By defining what is “good”, what is “bad” and what is “admirable”, institutional norms endow actions with meaning. Meaning is entirely socially constructed (such as our labels). Institutional norms and cultural frames are ways of giving meaning, with which a larger population of people can identify themselves with in order to work or live together. Take money, for example: money is an institution that we all believe in and which has a big influence on our daily lives, on what we aspire and what we define as successful.
Source: Getty Images

In summary, institutional norms help us navigate our complex society on a daily basis and trust others, without using too much of our brain power, since we incorporated these rules and norms into our subconscious. Normative or compliant behaviour is *rational* in the sense that they help us in the economic use of our brain power. For example, as an experienced driver, think back to the times when you learned driving and how exhausting it might have been to pay attention to all the traffic rules and signs. Today, driving likely does not cost you much energy anymore (all the “assholes” on the street aside), because it has become a routine. Normative behaviour therefore frees up brain space for the less mundane things in daily life, such as creativity (in your job), the choice of what you want to eat, reading a book or chatting with a friend.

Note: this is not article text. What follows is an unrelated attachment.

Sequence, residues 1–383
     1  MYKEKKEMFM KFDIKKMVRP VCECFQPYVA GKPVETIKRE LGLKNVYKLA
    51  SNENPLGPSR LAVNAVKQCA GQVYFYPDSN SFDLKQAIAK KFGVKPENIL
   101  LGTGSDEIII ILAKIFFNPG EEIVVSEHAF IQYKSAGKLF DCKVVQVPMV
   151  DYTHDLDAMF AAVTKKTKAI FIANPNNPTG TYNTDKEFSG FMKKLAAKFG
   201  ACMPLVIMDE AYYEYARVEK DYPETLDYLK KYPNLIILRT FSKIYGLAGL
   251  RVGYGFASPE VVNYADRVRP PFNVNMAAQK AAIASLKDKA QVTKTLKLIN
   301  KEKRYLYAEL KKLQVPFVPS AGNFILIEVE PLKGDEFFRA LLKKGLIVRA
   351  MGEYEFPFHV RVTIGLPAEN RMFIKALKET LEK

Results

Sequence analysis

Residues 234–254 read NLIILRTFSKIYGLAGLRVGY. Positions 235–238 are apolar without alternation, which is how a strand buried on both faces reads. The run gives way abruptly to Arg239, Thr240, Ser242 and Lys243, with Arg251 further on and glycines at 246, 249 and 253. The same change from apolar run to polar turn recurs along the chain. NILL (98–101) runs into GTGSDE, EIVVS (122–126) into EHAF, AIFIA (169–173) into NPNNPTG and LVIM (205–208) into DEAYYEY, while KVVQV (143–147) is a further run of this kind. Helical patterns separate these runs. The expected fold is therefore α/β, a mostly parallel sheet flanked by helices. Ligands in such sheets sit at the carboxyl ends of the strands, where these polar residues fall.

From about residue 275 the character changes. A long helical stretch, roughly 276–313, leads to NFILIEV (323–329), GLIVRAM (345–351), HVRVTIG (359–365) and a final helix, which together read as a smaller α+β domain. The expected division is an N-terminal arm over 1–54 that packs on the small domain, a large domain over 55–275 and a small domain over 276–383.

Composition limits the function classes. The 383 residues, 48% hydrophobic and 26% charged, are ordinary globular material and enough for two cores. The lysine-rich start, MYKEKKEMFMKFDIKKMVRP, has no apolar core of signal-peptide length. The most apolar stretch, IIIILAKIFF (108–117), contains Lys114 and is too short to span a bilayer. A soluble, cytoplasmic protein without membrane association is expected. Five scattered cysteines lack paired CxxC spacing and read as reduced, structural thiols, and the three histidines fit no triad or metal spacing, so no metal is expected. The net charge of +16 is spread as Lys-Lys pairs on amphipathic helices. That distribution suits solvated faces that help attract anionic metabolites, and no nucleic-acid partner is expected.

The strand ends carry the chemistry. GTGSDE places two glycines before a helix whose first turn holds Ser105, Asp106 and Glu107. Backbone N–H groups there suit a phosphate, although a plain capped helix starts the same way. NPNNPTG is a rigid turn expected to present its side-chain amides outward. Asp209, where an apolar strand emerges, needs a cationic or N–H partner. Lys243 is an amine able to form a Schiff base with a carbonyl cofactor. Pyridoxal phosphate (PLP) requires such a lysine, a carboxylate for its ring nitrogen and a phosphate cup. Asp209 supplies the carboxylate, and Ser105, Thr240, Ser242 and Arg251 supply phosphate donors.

Without institutional norms our society would be total chaos and most of the days you’d be doing nothing else than wondering how you could get some food on the table (and how to protect the table from some invaders into your house). Okay, that sounds a bit extreme and barbaric, but think about it: your house wouldn’t even exist, if there hadn’t been many people involved building it (according to architectural norms so that it won’t collapse the moment you enter) and selling it (according to juridical rules).